People living in Blackpool, Fylde and Wyre have been urged to talk more openly about cancer in an effort to reduce the number of people dying from the disease.
The Let’s Talk Cancer campaign aims to support people to talk about their experiences of cancer to increase the number of people being screened and to improve care. It also encourages healthcare professionals to communicate more clearly on what can be seen as a sensitive subject.
The campaign will be officially launched as part of World Cancer Day, the annual day set aside to raise awareness and improve education worldwide, on Tuesday 4 February 2020.
Dr Adam Janjua, a Fleetwood GP who is also the cancer lead for the Fylde Coast NHS, said: “The word cancer can create fear and negative emotions. By talking about it we identify these feelings and it helps to put things into perspective.
“Through the campaign we are also trying to encourage health professionals to be more open with patients, exploring their concerns and offering clear information.
“Talking and understanding creates action. We are hoping that making cancer part of everyday conversations will support people to attend appointments for cancer screening and tests or hospital reviews for suspected cancer.
“The earlier cancer is detected, the quicker it can be treated and the longer term survival rates are better. The more we talk about cancer, the sooner we can act.”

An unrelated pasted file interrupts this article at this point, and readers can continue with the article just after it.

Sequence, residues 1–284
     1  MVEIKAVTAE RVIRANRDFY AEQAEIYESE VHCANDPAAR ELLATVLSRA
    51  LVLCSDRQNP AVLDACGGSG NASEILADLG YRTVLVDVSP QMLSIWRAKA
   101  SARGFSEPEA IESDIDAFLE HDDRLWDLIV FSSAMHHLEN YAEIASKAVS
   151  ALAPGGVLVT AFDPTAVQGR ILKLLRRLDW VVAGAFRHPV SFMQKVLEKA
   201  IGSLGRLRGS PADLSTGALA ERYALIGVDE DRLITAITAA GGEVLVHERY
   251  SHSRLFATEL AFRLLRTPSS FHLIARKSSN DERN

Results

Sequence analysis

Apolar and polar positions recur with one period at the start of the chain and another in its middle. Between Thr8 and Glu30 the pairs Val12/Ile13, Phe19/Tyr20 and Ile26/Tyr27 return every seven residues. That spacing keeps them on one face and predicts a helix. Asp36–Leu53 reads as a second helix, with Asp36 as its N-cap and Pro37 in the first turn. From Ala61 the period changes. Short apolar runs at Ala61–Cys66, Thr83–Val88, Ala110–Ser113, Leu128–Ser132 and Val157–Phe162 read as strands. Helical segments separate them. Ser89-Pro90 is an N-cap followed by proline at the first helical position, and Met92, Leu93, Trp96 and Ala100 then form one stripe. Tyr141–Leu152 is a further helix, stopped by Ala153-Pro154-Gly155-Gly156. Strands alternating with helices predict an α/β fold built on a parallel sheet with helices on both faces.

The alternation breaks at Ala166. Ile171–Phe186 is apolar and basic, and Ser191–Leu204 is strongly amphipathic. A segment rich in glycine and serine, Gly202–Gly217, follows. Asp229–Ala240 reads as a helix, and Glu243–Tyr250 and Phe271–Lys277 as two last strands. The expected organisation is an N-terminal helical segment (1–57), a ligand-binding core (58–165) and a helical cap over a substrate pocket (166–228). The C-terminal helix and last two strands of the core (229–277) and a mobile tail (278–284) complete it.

Cancer survivor Steve Tingle welcomed the launch of the campaign, saying anything that makes people more open to discussing the disease and to ultimately get checked when they needed to was a good thing.
The 67-year-old from Thornton said: “I had bowel cancer but because it was picked up so early and removed within two months, we only actually had it confirmed as cancer two weeks after they took it out.
“The bowel cancer screening I took when I turned 60 really did save my life. It showed an anomaly and that was enough for investigations to happen and ultimately for the surgery to be carried out.
“I think it’s great the NHS is launching this campaign on the Fylde Coast. I have spent lots of time since the disease talking with other cancer sufferers and survivors. It’s so important to reduce that fear and make people feel more comfortable talking about this disease.”
Dr Janjua added: “By talking about cancer today you will create a ripple effect and you may save a life. You may remind someone to go for a screening or encourage them to address any worrying symptoms. Let’s talk, think and act on cancer.”